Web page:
Sometimes, when trying to link source code with Z Directory libraries, the output of Visual Studio's link process lists many methods and functions as 'redefined' (existing in more than one library or module), in Visual Studio archives such as MSVCP80D.dll or LIBCMTD.lib. This is indicative if your output has lines that look like these:

LIBCMTD.lib(setlocal.obj): error LNK2005: __configthreadlocale already defined in MSVCRTD.lib(MSVCR80D.dll)

libcpmtd.lib(xlock.obj) : error LNK2005: "public: __thiscall std::_Lockit::_Lockit(int)" already defined in msvcprtd.lib(MSVCP80D.dll)

MSVCRTD.lib(MSVCR80D.dll): error LNK2005: __fileno already defined in LIBCMTD.lib(fileno.obj)

This problem appears typically only in Visual Studio 2005. You'll need to change the "runtime library" option, from "Multi-threaded Debug DLL" (/MDd) to "Multi-threaded DLL" (/MD). Right click on the project name, click properties, go to Configuration Properties > C/C++ > Code Generation, and change from "Multithreaded Debug DLL" to "Multithreaded Debug". Make sure to do this for both debug and release options.
unresolved external system calls.

Since the Z Directory is like a Swiss army knife, it may require linking to lots of the OS's libraries. If you see a line such as this in a Microsoft environment:
    error LNK2019: unresolved external symbol _GetAdaptersInfo@8 referenced ..
You may need to add these to your external libraries list:

If you do not use functions or objects that rely on things like getting the computer's IP address (found in layer 2 computer_o class), you normally should not see such errors (unresolved externals). However, that is highly dependent on the linker you use, which may vary between operating systems, sub-classes of OS's (eg Micrsoft's family of post-NT systeams), and even versions of linkers.

Here is an example of a very large Microsoft-based program's link library list - you can use this as a boilerplate, if you are having trouble with missing libraries:
  [Z Directory library list]

  kernel32.lib user32.lib shell32.lib uuid.lib ole32.lib Iphlpapi.lib
  advapi32.lib ws2_32.lib gdi32.lib comdlg32.lib oleaut32.lib imm32.lib
  winmm.lib winspool.lib wldap32.lib ssleay32MDd.lib libeay32MDd.lib
  Dnsapi.lib WSock32.Lib crypt32.lib

If you are getting unresolved externals error messages from the link process, you can add these libraries, prefereably one at a time. Recompile after adding each library. repeat this until there are no more link-time unresolved external errors. You should keep the list as short as possible, to minimize build time. The above list is quite comprehensive and is way more than enough (hopefully).
'release' (production) mode programs fail to operate correctly.

Certain operating-system specific operations, such as accessing the Microsoft registry, may not perform correctly under 'release' mode compiled programs. There is a current known problem being currently investigated. If you experience such difficulties, please do not hesitate to report it to Vettrasoft.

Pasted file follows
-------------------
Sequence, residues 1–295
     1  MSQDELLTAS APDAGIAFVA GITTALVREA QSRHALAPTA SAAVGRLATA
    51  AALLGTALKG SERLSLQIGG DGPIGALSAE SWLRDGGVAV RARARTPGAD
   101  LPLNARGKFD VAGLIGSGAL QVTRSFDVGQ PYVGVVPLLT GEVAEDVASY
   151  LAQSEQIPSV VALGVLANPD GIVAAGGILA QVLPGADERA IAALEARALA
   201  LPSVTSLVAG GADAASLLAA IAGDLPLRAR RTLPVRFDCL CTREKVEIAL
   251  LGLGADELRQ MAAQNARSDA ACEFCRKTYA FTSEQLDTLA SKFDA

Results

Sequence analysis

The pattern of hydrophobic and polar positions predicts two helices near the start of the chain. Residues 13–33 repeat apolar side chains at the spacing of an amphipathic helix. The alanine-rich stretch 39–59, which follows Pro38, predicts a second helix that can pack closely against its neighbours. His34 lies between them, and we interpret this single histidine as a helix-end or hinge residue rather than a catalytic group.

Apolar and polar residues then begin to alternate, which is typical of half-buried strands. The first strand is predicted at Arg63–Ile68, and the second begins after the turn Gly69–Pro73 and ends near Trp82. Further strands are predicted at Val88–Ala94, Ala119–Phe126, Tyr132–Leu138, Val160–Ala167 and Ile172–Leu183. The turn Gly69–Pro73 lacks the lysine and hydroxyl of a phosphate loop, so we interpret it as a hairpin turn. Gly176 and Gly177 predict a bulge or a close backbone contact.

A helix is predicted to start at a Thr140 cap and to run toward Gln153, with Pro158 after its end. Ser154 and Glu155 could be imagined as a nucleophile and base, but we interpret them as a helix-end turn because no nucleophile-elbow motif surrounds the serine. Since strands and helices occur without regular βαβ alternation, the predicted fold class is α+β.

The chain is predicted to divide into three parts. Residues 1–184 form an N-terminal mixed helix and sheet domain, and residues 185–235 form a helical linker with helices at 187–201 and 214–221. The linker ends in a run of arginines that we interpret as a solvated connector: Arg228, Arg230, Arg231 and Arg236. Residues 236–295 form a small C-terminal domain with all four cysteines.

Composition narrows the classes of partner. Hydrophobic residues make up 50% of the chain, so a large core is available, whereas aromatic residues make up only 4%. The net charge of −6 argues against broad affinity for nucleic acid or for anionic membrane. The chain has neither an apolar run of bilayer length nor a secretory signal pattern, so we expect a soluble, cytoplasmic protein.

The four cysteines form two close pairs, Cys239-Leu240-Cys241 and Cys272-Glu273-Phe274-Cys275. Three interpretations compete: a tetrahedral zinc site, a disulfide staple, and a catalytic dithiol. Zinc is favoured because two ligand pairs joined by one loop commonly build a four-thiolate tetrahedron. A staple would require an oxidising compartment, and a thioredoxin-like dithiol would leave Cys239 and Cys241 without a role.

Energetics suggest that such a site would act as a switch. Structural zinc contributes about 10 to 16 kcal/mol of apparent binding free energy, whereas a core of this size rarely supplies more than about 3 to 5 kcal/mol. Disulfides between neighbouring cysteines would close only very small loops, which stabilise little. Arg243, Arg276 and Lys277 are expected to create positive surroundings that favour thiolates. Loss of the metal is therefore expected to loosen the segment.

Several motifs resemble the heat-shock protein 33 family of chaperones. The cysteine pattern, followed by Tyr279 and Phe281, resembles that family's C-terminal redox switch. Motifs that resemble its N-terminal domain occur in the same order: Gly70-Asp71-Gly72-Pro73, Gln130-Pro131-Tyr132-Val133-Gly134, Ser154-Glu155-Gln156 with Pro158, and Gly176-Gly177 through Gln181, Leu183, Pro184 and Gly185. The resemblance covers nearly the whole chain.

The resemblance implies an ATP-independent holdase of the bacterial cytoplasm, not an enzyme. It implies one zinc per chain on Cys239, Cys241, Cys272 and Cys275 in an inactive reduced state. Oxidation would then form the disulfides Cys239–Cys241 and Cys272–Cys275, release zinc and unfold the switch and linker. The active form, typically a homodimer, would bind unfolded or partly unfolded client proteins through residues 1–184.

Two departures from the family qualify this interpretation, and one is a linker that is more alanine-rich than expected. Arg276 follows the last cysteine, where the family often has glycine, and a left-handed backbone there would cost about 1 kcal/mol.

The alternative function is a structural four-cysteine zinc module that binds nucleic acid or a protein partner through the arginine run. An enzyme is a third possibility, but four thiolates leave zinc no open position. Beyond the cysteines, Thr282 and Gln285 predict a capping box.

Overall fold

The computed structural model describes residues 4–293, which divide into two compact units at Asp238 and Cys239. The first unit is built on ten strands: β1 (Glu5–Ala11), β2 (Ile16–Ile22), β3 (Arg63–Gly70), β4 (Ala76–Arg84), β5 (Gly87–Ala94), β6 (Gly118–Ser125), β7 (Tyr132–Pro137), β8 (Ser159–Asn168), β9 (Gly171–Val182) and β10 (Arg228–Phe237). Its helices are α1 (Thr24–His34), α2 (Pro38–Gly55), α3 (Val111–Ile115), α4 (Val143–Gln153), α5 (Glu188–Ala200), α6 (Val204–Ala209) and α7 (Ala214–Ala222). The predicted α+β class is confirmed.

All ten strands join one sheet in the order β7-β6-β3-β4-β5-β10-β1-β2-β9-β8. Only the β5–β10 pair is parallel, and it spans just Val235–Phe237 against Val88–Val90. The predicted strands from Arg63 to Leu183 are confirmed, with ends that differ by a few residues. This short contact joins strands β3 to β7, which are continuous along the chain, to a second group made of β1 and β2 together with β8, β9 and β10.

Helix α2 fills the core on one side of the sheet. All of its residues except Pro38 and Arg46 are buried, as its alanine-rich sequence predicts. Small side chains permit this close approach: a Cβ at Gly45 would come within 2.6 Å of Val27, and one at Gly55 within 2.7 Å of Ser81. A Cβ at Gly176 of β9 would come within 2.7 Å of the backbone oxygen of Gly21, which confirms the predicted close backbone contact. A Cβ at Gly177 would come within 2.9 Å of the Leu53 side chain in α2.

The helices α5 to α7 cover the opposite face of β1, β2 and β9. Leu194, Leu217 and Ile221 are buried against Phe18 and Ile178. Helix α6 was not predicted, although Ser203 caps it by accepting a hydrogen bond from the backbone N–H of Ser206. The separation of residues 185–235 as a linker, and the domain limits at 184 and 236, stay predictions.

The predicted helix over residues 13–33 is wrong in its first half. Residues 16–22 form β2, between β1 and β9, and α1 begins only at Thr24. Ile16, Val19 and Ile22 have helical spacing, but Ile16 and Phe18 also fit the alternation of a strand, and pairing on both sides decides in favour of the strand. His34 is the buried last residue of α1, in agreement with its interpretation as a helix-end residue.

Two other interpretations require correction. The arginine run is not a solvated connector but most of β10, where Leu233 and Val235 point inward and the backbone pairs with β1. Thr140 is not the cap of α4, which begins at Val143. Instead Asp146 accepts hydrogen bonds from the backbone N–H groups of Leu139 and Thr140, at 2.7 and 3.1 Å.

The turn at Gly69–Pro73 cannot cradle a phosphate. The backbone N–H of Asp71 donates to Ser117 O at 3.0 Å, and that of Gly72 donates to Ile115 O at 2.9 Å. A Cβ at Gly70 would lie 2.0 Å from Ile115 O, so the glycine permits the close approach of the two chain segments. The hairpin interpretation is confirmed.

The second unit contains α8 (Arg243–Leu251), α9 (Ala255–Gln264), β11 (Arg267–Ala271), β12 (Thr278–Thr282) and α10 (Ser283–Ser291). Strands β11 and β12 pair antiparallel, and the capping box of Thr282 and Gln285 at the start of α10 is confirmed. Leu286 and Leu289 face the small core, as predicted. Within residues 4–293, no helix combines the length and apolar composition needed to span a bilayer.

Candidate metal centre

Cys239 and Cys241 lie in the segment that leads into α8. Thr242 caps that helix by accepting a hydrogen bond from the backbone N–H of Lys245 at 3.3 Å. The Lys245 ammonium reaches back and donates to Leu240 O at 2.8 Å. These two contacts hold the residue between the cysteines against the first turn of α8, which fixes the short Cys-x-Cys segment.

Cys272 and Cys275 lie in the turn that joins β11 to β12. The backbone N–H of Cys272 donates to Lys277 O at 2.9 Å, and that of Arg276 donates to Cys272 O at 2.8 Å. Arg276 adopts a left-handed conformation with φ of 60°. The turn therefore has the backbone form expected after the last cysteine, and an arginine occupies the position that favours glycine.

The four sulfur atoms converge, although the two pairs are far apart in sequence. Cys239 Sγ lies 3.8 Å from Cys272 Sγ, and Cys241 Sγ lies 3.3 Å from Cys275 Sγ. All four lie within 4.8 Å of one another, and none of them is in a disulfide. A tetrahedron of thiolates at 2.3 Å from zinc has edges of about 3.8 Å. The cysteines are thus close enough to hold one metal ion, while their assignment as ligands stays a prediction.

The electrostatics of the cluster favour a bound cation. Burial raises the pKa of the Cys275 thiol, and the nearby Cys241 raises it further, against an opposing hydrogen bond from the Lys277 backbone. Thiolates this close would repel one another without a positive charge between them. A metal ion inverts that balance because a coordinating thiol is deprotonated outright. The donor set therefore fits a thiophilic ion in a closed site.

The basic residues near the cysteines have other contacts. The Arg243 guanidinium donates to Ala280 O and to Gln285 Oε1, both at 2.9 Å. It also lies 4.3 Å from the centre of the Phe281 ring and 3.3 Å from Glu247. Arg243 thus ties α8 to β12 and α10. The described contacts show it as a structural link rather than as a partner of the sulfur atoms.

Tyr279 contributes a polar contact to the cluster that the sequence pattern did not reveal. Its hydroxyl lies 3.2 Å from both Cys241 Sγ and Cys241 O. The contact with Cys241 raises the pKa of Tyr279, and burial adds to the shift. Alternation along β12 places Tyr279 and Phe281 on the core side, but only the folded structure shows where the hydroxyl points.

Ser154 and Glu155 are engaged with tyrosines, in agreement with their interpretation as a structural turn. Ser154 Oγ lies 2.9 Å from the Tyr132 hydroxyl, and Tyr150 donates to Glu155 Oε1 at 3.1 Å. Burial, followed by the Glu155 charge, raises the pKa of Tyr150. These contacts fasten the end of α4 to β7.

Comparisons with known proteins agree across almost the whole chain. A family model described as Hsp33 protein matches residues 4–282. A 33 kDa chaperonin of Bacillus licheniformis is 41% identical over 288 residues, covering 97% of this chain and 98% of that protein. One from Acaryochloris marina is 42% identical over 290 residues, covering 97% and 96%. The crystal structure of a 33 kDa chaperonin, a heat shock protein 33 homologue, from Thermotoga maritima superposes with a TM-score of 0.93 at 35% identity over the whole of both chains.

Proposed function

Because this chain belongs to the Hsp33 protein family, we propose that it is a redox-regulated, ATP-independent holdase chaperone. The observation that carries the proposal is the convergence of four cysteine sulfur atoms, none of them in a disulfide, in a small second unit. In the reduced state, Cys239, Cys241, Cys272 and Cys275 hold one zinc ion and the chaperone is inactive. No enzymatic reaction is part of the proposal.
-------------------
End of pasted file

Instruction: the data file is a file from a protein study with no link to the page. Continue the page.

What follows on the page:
uninstalling Z Directory: strange pop-up messages (free-trial edition)

If you uninstall the Z Directory, you may see odd pop-up warnings to the effect of "you are using an unauthorized version of the Z Directory", or something similar. These are benign - simply click on the OK button and let it proceed. It should uninstall.

The reason for this is that certain uninstaller program components of the Z Directory expect certain registry entries that have been deleted. This is a known, low-priority issue at Vettrasoft currently.

container "size()" member function unresolvable by the compiler.

If you are using a Z Directory container, such as set_o or llist_o, and you use size() (for getting the number of elements in the container, you may (particularly with gcc compiler) get an error message like so:
error: there are no arguments to "size" that depend on a template
parameter, so a declaration of "size" must be available.
size() is declared at the very top of the class hierarchy, in list_axiom_o. This issue has been unearthed very recently (Jan 2012), and is being investigated. The current workaround is to use
instead of size().
program crashes when running in a thread (SQL-group).

In the SQL components of the Z Directory, starting with [L-4] dbbi_o, on Microsoft Windows environments ADO functions exist. Some COM initialization related to using ADO does not work when run in a thread. The solution is to call the function dbbi_o::main_init() in the main, non-threaded part of the application prior to creating threads. This is a static function, so it should be prefixed with "dbbi_o::". This issue is describe above.